”Swim 2.4 miles, bike 112 miles, run 26.2 miles- BRAG FOR THE REST OF YOUR LIFE. ”
– John Collins, IRONMAN Founder
We’re all familiar with the famous Ironman race, whose amazing challenges are outlined above in the quote by John Collins. Only rare and talented individuals have what it takes to be an Ironman.
Today I want to discuss a different Iron Man — someone whose accomplishments are monumental and they are all crafted of iron. A friend, PHeymont, in a recent blog post, highlighted the pragmatic but beautiful work of Gustave Eiffel around the globe. I recommend you read his article, which made me think more about Eiffel’s great influence and vision. Eiffel was obviously a brilliant engineer and builder, and while his works range from bridges to buildings to monuments (like the skeleton of the Statue of Liberty), there’s no work he created more compelling the Eiffel Tower. His crowning achievement.
The tower was built for the Paris Universal Expo in 1889, a celebration of the 100th anniversary of the French Revolution and a reminder of France’s wealth and world superpower status. Eiffel was involved in all aspects of the creation and crafting of the Eiffel Tower, from designing it, making its iron beams in his factory, financing it and building it. When completed the Eiffel Tower was the tallest structure in the world. Original plans were for it to be dismantled after the Expo had run it’s course, but thankfully it’s demolition was stopped by popular demand.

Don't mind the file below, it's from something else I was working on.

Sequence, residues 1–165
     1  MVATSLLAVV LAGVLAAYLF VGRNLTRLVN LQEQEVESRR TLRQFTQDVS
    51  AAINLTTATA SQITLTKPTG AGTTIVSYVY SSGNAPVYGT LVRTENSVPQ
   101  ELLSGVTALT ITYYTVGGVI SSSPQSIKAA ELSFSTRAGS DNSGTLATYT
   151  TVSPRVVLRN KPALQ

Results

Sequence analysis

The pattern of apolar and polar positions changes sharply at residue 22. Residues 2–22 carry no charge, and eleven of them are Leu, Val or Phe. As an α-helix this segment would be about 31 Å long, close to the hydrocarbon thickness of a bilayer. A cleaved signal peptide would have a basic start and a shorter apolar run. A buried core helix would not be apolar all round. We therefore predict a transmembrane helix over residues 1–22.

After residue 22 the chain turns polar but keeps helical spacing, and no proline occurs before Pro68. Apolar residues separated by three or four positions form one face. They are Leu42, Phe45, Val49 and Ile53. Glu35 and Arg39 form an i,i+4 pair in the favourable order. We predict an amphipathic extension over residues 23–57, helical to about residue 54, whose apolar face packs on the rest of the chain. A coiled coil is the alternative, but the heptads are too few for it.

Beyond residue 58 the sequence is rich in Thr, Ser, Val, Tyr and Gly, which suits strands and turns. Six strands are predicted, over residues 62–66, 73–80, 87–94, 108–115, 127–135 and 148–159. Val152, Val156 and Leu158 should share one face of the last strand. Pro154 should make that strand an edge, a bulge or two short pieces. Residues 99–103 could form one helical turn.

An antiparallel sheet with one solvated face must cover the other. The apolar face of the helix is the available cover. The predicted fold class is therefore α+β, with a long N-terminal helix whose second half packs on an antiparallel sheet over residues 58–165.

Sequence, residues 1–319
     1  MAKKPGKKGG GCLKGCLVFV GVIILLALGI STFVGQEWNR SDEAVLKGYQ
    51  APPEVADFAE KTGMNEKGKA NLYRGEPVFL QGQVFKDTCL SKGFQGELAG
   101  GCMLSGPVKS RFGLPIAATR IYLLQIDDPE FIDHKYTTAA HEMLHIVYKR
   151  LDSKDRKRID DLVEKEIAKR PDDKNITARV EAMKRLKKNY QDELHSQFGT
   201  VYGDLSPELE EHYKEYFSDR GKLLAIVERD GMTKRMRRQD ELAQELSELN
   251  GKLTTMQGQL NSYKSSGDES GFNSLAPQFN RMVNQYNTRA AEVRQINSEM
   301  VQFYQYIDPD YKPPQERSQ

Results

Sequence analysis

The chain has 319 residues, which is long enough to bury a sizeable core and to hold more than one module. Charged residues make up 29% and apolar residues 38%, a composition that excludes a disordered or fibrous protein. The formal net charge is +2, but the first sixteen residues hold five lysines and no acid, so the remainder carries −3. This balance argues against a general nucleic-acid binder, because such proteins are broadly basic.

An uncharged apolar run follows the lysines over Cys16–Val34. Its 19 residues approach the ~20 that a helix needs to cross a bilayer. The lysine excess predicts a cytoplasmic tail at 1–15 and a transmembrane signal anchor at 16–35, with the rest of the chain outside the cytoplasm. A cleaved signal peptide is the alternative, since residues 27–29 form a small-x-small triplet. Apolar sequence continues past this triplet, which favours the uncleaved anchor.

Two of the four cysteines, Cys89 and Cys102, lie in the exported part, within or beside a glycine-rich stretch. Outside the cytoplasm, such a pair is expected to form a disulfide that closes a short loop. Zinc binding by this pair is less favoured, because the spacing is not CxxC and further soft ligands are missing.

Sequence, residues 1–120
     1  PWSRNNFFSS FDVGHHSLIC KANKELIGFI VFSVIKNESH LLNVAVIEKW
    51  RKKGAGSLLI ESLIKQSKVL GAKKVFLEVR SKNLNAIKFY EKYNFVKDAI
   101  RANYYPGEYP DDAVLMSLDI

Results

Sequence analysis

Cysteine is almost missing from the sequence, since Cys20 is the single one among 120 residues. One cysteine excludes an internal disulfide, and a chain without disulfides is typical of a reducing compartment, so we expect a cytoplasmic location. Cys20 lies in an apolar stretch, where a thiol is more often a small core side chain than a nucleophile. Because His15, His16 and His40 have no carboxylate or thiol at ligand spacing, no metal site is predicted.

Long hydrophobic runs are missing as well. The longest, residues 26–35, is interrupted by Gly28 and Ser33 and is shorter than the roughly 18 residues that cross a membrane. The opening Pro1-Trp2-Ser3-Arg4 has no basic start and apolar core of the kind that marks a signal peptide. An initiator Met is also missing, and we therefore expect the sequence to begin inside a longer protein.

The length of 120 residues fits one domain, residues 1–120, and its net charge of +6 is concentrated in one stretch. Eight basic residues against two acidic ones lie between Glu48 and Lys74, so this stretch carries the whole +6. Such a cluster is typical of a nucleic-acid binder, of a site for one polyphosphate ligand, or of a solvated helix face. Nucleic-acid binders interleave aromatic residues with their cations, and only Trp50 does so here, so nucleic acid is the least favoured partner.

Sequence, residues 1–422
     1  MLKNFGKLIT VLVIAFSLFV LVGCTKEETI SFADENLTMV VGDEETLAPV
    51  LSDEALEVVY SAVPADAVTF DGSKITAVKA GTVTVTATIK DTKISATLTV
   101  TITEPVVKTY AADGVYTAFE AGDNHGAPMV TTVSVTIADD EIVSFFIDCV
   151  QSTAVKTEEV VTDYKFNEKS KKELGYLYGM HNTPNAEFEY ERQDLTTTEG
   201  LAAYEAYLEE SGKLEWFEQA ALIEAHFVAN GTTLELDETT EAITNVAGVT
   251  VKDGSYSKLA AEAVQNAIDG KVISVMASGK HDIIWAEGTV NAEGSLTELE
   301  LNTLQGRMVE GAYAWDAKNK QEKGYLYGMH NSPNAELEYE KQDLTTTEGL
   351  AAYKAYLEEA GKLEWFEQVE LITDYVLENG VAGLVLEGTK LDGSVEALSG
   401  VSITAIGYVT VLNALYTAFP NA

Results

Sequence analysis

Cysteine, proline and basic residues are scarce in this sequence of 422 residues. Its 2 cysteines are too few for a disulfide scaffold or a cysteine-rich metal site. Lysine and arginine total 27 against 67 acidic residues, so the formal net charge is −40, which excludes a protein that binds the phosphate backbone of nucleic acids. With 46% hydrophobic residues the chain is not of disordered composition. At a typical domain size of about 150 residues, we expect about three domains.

The Eiffel Tower is the most visited monument in the world. Some basic facts:
– It is 1063 ft (324 m) high, with three visitation platforms.
– It contains 7,300 tons (18,000 beams) of steel and 2,500,000 rivets
– It’s covered in 60 tons of paint.
– Its four weight bearing pillars cover 3.5 acres.
When in Paris, it’s hard to get away the Tower — so does it dominate the city. From many parts of Paris you can see it standing tall and majestic, announcing to the world of the 19th century and beyond the great engineering and construction achievements the French were capable of. I’m hard pressed to think of any other city where a single structure so dominates its landscape as Paris and its Eiffel Tower. Perhaps the Washington Monument in Washington D.C. or CN Tower in Toronto, but they’re not quite in the same league.
I wanted to share with you a series of photos from Paris showing the Eiffel Tower from different perspectives. A sort of Eiffel Tour of Paris (pardon the bad pun). Enjoy!
(Click on thumbnails to enlarge, right arrow to advance slideshow)